Snyder to coach Wildcats for final time Saturday

Kansas State football coach Bill Snyder, who took over a downtrodden program in 1989 and orchestrated one of the greatest turnarounds in college football history, has told his team he will retire at the end of this football season, ESPN confirmed Monday night.

Snyder will make the announcement on Tuesday at his weekly news conference, two players told ESPN on condition of anonymity late Monday night.

Don Marso, father of senior defensive tackle Derek Marso, said Snyder told the team after Monday's practice that his 17th season as Wildcats coach would be his last.

"I am told it was a teary-eyed meeting," Marso told ESPN's Joe Schad. "It was understandably emotional."

The Wildcats (4-6, 1-6 Big 12) will not play in a bowl for the second straight year after making a bowl in 11 straight seasons. Their final game of the season is Saturday against Missouri.

Snyder, 66, will best be remembered for taking over a moribund program and leading it to the cusp of a national title. The Wildcats were 1-10 in his first season but improved to 5-6 in 1990 and 7-4 in 1991 before falling back to 5-6 again in 1992. But then came the string of 11 straight seasons to end with a bowl game.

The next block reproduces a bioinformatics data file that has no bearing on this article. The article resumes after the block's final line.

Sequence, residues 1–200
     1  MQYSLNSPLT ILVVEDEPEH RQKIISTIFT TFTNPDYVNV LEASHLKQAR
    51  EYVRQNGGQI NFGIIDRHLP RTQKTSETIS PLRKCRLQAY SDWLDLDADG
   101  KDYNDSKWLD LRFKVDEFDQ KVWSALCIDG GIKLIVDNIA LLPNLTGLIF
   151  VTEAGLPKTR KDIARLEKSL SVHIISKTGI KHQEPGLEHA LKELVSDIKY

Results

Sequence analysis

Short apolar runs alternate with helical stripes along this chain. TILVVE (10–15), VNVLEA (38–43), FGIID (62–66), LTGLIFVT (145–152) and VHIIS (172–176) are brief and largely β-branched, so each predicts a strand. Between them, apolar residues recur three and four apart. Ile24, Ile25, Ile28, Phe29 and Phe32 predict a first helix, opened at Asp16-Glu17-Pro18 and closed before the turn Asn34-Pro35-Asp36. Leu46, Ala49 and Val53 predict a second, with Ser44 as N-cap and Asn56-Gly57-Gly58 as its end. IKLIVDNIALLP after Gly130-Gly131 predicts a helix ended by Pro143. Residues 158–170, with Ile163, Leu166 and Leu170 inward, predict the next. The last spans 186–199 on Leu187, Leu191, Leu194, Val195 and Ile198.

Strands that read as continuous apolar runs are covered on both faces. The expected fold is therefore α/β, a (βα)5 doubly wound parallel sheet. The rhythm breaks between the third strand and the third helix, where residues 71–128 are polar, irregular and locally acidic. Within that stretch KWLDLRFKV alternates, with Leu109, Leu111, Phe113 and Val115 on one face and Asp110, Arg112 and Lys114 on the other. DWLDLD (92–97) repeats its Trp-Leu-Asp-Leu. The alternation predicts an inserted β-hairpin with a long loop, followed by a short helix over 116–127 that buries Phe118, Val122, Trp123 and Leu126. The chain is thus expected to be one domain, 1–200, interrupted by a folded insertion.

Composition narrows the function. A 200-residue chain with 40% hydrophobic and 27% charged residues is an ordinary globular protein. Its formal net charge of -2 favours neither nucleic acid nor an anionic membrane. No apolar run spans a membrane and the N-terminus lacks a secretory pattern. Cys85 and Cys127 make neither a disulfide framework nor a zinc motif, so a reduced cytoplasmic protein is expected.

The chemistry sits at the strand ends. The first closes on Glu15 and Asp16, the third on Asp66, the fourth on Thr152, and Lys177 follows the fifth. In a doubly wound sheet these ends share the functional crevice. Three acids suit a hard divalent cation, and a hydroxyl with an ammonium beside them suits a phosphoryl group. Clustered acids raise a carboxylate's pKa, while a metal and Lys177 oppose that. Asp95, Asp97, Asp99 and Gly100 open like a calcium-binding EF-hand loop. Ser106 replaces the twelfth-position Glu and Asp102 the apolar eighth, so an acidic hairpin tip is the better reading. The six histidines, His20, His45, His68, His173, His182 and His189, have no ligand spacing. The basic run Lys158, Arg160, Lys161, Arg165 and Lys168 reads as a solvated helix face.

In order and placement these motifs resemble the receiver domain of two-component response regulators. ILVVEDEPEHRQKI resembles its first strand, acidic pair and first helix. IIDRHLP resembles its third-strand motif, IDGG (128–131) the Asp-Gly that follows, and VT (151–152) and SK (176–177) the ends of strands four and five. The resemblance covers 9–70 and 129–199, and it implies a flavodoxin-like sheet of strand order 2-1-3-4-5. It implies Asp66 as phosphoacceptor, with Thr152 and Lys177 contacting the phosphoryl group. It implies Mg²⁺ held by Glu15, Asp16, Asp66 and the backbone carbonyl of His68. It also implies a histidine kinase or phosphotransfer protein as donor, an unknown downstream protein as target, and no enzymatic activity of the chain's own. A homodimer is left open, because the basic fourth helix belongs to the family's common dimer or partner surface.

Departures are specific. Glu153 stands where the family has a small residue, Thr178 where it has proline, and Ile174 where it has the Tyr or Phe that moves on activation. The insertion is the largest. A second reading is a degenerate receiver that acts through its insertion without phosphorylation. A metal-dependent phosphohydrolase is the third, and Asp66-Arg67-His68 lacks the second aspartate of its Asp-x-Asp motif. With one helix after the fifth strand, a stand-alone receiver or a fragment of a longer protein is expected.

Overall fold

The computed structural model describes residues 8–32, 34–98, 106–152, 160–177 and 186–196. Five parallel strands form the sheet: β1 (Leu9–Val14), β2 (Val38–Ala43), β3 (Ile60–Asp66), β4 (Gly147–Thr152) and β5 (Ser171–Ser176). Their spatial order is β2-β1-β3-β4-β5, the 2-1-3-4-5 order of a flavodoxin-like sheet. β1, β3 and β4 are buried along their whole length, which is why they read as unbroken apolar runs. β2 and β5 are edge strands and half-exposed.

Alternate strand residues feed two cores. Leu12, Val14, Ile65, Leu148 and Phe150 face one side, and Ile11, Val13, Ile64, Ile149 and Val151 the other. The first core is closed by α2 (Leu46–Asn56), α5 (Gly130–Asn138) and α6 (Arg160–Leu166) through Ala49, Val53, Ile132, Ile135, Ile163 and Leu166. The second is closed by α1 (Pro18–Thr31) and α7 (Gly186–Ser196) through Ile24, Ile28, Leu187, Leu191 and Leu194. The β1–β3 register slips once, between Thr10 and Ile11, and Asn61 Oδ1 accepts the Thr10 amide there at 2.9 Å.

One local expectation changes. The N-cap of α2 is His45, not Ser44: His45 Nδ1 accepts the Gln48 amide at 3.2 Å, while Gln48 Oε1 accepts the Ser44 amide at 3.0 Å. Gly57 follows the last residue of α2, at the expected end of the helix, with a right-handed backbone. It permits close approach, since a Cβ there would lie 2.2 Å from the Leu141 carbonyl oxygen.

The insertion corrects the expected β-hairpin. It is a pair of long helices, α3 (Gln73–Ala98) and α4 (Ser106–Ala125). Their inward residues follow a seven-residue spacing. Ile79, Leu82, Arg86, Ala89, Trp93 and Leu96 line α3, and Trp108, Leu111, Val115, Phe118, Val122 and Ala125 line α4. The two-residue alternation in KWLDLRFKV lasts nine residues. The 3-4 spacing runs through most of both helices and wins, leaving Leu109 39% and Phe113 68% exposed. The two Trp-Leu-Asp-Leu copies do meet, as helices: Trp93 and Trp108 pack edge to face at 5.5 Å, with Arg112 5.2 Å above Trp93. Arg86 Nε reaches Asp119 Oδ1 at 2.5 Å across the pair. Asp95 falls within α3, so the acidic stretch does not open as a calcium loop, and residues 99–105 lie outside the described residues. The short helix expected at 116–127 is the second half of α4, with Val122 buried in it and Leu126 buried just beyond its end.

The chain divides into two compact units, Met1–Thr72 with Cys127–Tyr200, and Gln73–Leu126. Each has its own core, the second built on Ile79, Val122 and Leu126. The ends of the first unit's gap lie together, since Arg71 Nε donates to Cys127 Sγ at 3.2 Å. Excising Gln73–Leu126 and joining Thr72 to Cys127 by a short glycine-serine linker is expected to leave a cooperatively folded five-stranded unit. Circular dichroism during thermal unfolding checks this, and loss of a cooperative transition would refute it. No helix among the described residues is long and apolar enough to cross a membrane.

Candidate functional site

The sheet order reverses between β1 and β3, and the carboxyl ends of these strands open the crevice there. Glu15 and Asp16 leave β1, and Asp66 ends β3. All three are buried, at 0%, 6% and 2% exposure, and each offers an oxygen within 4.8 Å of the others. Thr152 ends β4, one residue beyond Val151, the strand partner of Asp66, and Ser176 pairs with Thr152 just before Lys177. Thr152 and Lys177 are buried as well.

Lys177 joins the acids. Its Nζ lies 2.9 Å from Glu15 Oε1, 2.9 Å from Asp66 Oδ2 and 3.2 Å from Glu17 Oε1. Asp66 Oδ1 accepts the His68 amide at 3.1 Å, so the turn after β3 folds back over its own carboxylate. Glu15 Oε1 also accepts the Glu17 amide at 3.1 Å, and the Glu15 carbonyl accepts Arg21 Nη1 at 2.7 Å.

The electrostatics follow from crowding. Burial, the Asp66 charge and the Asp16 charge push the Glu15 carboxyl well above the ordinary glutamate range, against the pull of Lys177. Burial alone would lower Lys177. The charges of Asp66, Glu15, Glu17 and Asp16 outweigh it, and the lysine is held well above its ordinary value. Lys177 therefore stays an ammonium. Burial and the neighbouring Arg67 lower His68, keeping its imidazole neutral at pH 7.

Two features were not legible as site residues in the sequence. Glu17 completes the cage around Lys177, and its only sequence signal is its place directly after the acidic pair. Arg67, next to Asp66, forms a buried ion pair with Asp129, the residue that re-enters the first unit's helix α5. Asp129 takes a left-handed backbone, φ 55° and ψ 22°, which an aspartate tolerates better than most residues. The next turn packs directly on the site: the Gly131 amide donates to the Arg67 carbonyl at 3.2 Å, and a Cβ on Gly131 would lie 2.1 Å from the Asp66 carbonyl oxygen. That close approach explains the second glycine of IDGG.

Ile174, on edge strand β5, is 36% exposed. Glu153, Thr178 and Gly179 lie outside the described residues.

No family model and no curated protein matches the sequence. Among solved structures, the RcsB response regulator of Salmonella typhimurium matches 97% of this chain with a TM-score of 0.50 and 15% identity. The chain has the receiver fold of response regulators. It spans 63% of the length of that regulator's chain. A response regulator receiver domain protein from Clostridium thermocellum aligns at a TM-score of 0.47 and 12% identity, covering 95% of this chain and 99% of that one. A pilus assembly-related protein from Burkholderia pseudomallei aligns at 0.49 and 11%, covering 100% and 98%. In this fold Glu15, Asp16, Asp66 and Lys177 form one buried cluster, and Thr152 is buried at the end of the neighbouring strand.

Snyder is 135-68-1 in his 16-plus seasons at Kansas State, but the three-year stretch from the 1997-99 seasons is the pinnacle for what a Kansas State coach has achieved and the example of how the big one got away from one of the winningest programs in college football in the 1990s.

Snyder's 1997 Wildcats were hammered 56-36 by old Big 8 nemesis Nebraska in the fourth game of the season before easily running the table to finish 11-1 and ranked No. 7 in the ESPN/USA Today coaches' poll and No. 8 by AP.

But the 1998 team suffered the most bitter disappointment, cruising into the Big 12 title game undefeated to play double-digit underdog Texas A&M. The Aggies won 36-33 and took away the Wildcats' shot at a national title. Snyder's team capped the disappointment with a 37-34 loss to Purdue in the Alamo Bowl.

The 1999 team came into the Nebraska game 9-0 but left Lincoln with another crushing defeat, 41-15, and a berth in the Holiday Bowl. A 24-20 victory over Washington raised the Wildcats' record to 11-1 and a No. 6 ranking in both polls.

Information from The Associated Press was used in this report.